- iv Scandinavian Contributions
This year's scholarship from Scandinavia covers a broad array of topics, ranging from the documentary 9/11 to the library of the Norwegian immigrant Jon Norstog. The publication of an essay collection that brought a number of Norwegian scholars to bear on a single novel accounts in large part for the contributions from Norway.
a. 19th-Century Prose
Learning and education are essential to developing the American republic and a national identity; learning and education are antithetical to the American commitment to democracy and equality. Johanna McElwee's "The Nation Conceived: Learning, Education, and Nationhood: American Historical Novels of the 1820s" (doctoral thesis, Uppsala) explores these and other contradictions in the attitudes toward learning and education in historical novels of the Jacksonian era. Her work places novels by Lydia Maria Child, James Fenimore Cooper, and Catharine Maria Sedgwick in the context of the decade prior to Andrew Jackson's challenge to John Quincy Adams and contemporary debates on the value of book learning. McElwee focuses on the learned person in these texts and applies postcolonial concepts in her effort to show how American national identity was established in relation to British national identity—a foreign identity associated with a learnedness both emulated and despised. The texts that are the main objects of the study—Child's Hobomok and The Rebels, Cooper's The Prairie, and Sedgwick's Hope Leslie—are historical novels that display a common concern with learning and education. McElwee presents these writers as "contemporaries battling with similar issues, who, in doing so, reach different, but sometimes similar, solutions." Among the similarities are the representation of learning as something foreign but still necessary to American prosperity and a concern with how types of education and methods of obtaining it matter to both individual and nation. One of the main advantages of education is the "ability to [End Page 511] cross borders voluntarily, to belong in more than one place," and these border-crossings undermine the stability of boundaries of gender and class, for instance, while also drawing attention to their existence. Borders between indigenous and Anglo-American cultures, however, remain the most inflexible and impermeable in historical fiction of the 1820s.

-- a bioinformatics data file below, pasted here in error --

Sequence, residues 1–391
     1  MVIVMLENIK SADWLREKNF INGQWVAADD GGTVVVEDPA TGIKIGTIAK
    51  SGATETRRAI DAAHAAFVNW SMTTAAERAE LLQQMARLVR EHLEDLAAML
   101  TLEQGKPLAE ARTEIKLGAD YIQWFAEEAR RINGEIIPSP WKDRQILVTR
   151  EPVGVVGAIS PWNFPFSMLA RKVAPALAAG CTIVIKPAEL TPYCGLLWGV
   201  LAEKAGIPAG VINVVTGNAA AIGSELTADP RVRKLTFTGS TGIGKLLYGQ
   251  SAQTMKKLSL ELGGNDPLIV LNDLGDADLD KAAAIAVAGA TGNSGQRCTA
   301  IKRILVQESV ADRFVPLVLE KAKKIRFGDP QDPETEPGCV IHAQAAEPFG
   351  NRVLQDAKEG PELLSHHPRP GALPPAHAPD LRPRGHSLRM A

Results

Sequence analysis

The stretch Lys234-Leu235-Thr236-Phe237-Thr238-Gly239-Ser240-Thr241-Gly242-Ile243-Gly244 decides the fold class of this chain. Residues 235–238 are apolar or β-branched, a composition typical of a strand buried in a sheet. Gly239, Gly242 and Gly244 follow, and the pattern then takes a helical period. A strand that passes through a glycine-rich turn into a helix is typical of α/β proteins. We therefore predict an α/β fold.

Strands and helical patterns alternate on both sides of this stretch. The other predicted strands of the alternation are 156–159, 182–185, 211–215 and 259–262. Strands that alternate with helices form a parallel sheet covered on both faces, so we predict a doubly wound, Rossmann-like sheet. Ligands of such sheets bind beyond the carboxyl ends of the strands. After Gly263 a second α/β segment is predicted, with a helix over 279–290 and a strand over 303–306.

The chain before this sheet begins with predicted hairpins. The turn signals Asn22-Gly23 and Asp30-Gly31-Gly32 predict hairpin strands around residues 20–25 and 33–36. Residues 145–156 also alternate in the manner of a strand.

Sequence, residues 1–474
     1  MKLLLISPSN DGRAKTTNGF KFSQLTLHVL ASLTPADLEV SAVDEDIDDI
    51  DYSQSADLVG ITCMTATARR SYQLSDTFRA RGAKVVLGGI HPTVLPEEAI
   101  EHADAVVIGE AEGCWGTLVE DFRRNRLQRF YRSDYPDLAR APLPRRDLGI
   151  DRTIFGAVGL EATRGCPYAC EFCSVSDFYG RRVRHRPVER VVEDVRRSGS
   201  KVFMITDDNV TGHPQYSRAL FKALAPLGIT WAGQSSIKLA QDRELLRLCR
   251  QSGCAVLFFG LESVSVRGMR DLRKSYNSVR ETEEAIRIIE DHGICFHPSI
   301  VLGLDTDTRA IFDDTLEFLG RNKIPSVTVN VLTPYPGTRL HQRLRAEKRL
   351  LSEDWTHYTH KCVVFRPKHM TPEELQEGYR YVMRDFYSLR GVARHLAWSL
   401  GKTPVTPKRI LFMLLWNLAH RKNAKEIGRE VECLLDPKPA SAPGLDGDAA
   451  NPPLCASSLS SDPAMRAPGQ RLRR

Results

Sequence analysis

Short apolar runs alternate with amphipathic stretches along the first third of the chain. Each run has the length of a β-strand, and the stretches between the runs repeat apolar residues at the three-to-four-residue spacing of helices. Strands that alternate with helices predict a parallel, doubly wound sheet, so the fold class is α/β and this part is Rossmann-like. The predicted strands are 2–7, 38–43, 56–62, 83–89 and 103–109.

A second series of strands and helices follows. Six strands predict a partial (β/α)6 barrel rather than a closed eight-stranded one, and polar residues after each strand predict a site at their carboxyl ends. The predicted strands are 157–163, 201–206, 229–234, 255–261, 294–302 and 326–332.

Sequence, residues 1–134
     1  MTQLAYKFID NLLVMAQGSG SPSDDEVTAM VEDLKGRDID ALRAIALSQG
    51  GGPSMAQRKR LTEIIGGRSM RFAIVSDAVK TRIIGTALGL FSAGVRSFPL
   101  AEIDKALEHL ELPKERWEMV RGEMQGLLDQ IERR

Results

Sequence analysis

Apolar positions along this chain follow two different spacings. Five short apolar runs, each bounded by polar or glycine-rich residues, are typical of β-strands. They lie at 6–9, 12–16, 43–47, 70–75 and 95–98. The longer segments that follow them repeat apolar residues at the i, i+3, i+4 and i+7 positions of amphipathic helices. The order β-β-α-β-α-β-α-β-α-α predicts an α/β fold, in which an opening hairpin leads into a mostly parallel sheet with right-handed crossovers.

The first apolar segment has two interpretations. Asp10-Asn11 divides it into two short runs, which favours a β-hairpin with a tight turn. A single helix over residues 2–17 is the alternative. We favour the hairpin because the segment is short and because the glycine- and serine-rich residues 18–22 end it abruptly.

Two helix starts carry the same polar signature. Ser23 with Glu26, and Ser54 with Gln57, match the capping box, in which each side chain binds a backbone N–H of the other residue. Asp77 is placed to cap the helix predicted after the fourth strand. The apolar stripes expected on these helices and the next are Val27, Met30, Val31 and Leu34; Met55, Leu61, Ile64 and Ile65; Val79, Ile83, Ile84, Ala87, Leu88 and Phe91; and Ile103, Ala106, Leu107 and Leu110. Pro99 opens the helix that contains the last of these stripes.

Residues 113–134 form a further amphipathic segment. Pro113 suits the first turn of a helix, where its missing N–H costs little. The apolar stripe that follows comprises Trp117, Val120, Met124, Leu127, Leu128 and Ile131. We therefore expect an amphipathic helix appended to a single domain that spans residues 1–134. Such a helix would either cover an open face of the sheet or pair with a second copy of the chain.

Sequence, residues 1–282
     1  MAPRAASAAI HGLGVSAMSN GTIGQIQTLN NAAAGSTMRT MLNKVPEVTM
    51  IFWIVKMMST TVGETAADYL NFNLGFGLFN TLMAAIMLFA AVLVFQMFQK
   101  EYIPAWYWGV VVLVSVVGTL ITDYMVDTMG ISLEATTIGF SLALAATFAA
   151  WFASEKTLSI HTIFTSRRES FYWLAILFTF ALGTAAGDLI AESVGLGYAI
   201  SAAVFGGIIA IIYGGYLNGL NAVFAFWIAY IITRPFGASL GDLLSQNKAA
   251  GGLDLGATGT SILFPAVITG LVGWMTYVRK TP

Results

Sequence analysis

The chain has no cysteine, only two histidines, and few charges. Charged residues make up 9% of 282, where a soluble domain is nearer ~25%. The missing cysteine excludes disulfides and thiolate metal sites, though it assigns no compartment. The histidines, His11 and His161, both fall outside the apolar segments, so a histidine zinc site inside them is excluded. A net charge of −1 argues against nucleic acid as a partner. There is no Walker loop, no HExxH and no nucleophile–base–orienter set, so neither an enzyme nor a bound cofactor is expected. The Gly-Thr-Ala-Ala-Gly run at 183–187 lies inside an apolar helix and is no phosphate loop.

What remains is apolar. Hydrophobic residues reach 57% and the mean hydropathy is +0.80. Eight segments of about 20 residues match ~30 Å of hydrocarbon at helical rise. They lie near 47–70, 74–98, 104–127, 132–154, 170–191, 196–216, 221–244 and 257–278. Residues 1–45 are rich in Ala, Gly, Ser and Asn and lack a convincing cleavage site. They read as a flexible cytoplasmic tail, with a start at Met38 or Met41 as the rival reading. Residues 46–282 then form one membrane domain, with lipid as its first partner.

A different take on the idea of learning and education is found in Øyvind Gulliksen's "Jon Norstogs Bibliotek," pp. 125–45 in Orm Øverland and Harry T. Cleven, eds., Norwegian American Essays 2004 (Oslo: NAHA-Norway), an essay in which Gulliksen takes seriously the dictum "Tell me what you read and I will tell you who you are." Norstog (1877–1942), who published poetry, novels, and biblical dramas, also wrote extensively for Norwegian American newspapers and journals. Greatly inspired by the Bible and Bunyan's Pilgrim's Progress, Norstog, contrary to what many thought, including his better-known contemporary Waldemar Ager, traced his literary influences to these texts rather than to Norwegian and Norwegian American authors. Gulliksen's essay is an interesting discussion of reading, mentality, and the history of the book.
One publication in Norway this year gathered a number of scholars in a book project centered on a novel by Drude Krog Janson. To Become the Self One Is: A Critical Companion to Drude Krog Janson's "A Saloonkeeper's Daughter," ed. Asbjørn Grønstad and Lene Johannessen (Novus), is devoted to explorations of this immigrant novel originally published in Norwegian in Minneapolis in 1887. Since the resurfacing of a version newly edited by Øverland in 2002, Janson's novel has found its place in the pantheon of American women immigrants' stories. From a wide range of perspectives, the scholars who have contributed to this collection explore themes and problems as different as the influence on the protagonist of transatlantic Unitarian ideas circulating at the time (Gulliksen, "The Lutheran Immigrant Turns Unitarian: Bjørnstjerne Bjørnson, William Ellery Channing, and Religious Idealism in A Saloonkeeper's Daughter," pp. 15–30) and Janson's engagement with gender conventions and women's social and political roles in the latter half of the 19th century (Anne Holden Rønning, "A Saloonkeeper's Daughter and the Woman Question," pp. 31–42). This theme is also taken up...